From 20-22 September 2019, we put together a collaborative installation for the Pop-Up University festival at the Millennium Gallery, organised by the University of Sheffield’s Public Engagement and Events team. Users could control and pilot a Parrot drone while wearing a FPV (first person view) headset, through which they could see a live camera feed from the drone itself. This was accompanied by a specially commissioned music piece which transported the listener to different locations, playing with the superimposition of different soundscapes or sonorous worlds. The installation explores the bifurcation between mind and place, sight and hearing, to explore how multiple understandings of space and time interact and intersect in drone aesthetics.
The exhibit garnered a variety of responses from festival visitors. The effect of seeing oneself from the drone while piloting it was a particular focus of the feedback. It is usual in life to see our reflection and our image in photographs and footage, but both to see ourselves from an external position and to be able to move that position created a keener impression of being outside one’s own body. Referencing this technology’s application in warfare, one visitor remarked ‘I can see why I might kill myself.’ This comment draws attention both to the disembodying effects of the exhibit and to the detachment experienced when viewing the world from an unnatural aerial perspective. ‘It’s like being in another world,’ was commented more than once. This was a reaction particularly from younger visitors, who tended to have a greater familiarity with hobby drones than older visitors, showing that the exhibit significantly altered the usual civilian experience of drone piloting. Younger visitors were also more often familiar with using a controller: although a logical side-effect of gaming culture’s generation gap, this also gestured towards the aggressive recruitment tactics of the military, which tend to target teenagers and children. Although an uncomfortable thought, it was easy to see how the younger visitors’ familiarity with the basic technology involved would make them more desirable as potential military drone operators.
Integral to this exhibit was the music composed by Jean-Baptiste Masson, a PhD researcher at the University of York who is part of the interdisciplinary Electronic Soundscapes research network funded by the White Rose College of Arts and Humanities (WRoCAH). Here is his atmospheric soundpiece, reproduced with his permission, alongside his reflections on this work:
‘Drones are the first step to an externalisation of war: acquisition of data and engagement are made from a distance, through sensors. Intelligence becomes primordial to contextualise the data received and surveillance arise as a central and constant need, also made from a distance through sensors. A probably extreme reading of this could be to establish a parallel with predictive maintenance: a constant remote surveillance to establish when, where and how take action. However, the embodiment of this intelligence, on the field compare to from a distance, is completely different.
An underlying ominous presence was then the main idea behind the music. Distant voices, stolen communications, non-directional melodies, juxtaposition of elements: if it’s enough to build something, is it enough to build a meaning?’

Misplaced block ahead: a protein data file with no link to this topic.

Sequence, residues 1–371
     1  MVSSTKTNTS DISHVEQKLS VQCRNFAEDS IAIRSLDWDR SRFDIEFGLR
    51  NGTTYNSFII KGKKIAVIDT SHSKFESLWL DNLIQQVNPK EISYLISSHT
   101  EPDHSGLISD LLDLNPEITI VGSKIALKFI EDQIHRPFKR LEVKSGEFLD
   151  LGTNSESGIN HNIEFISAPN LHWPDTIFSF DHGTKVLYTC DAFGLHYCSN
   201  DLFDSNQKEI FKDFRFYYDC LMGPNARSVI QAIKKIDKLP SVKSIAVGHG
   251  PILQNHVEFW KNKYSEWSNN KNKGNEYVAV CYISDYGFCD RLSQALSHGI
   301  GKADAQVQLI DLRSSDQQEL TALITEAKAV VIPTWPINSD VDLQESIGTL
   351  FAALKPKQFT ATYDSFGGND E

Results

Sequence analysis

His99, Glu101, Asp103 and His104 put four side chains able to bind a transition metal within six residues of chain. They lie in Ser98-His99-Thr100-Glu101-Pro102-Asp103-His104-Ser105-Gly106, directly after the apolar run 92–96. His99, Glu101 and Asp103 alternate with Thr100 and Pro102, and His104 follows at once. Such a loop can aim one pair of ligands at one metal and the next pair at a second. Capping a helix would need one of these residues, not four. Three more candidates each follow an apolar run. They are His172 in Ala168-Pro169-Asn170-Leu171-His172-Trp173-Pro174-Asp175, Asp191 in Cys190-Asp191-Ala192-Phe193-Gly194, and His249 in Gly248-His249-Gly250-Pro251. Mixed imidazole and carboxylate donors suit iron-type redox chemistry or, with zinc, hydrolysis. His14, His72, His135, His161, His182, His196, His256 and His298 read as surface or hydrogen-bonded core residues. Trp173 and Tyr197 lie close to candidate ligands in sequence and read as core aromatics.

Here’s a postcard featuring some upcoming events that are taking place in Sheffield during the project period. Event summaries and reflections will be posted here. Our sincere thanks to Mahwish Chishty for allowing us to reuse her drone painting, X-47B (2012), in the second image below.
We’re delighted to share our first Aesthetics of Drone Warfare podcast, a conversation with Brisbane-based artist, Kathryn Brimblecombe-Fox. Kathryn speaks about drones, temporality, distance, clouds, meta-veillance, existential risk, the Anthropocene, painting, and the relationship between academic research and creative practice. There’s also a shout-out to our conference keynote, Derek Gregory, among many other important researchers!
Her ‘dronescapes’ are currently being shown in a solo exhibition at the POP Gallery in Brisbane from 27 August — 7 September 2019.
Below are two pieces of artwork that are referenced and especially relevant to the discussion in the podcast. More of Kathryn’s work can be found on her blog, which has been archived on PANDORA, Australia’s national archive for online sites ‘of significance and long-term research value,’ since 2014.
Drones have now become commercial and readily available, with innovators promising unprecedented solutions to sectors as wide ranging as agriculture, energy, public safety, and construction. But this multi-billion-dollar industry is founded upon the technology’s origins in a military context, and drone warfare is rapidly redefining the meaning of war, peace, and their temporal and geographical boundaries. This project explores the issues surrounding drone warfare through the prism of aesthetics: aesthetics understood as art, and as the relationship between the body, the self, and the material environment. Combining surveillance with targeting, satellite imaging with ground-level intelligence, drones alter how war is experienced by pilot, target, and spectator.
To examine the impact of this information-based, algorithmic apparatus on the cultural consciousness, this project will bring together writers and artists, museum curators and NGOs, through three engagement events to reflect on the art of drone warfare:
A public panel featuring leading artists and thinkers about drone warfare
Film screenings featuring works about drone art and drone warfare, introduced by an expert and followed by post-screening discussions
An international, interdisciplinary conference held at the Humanities Research Institute, University of Sheffield
In addition, this website will include blog posts of interviews with artists and writers working on the aesthetics of drone warfare, alongside event recaps and summaries.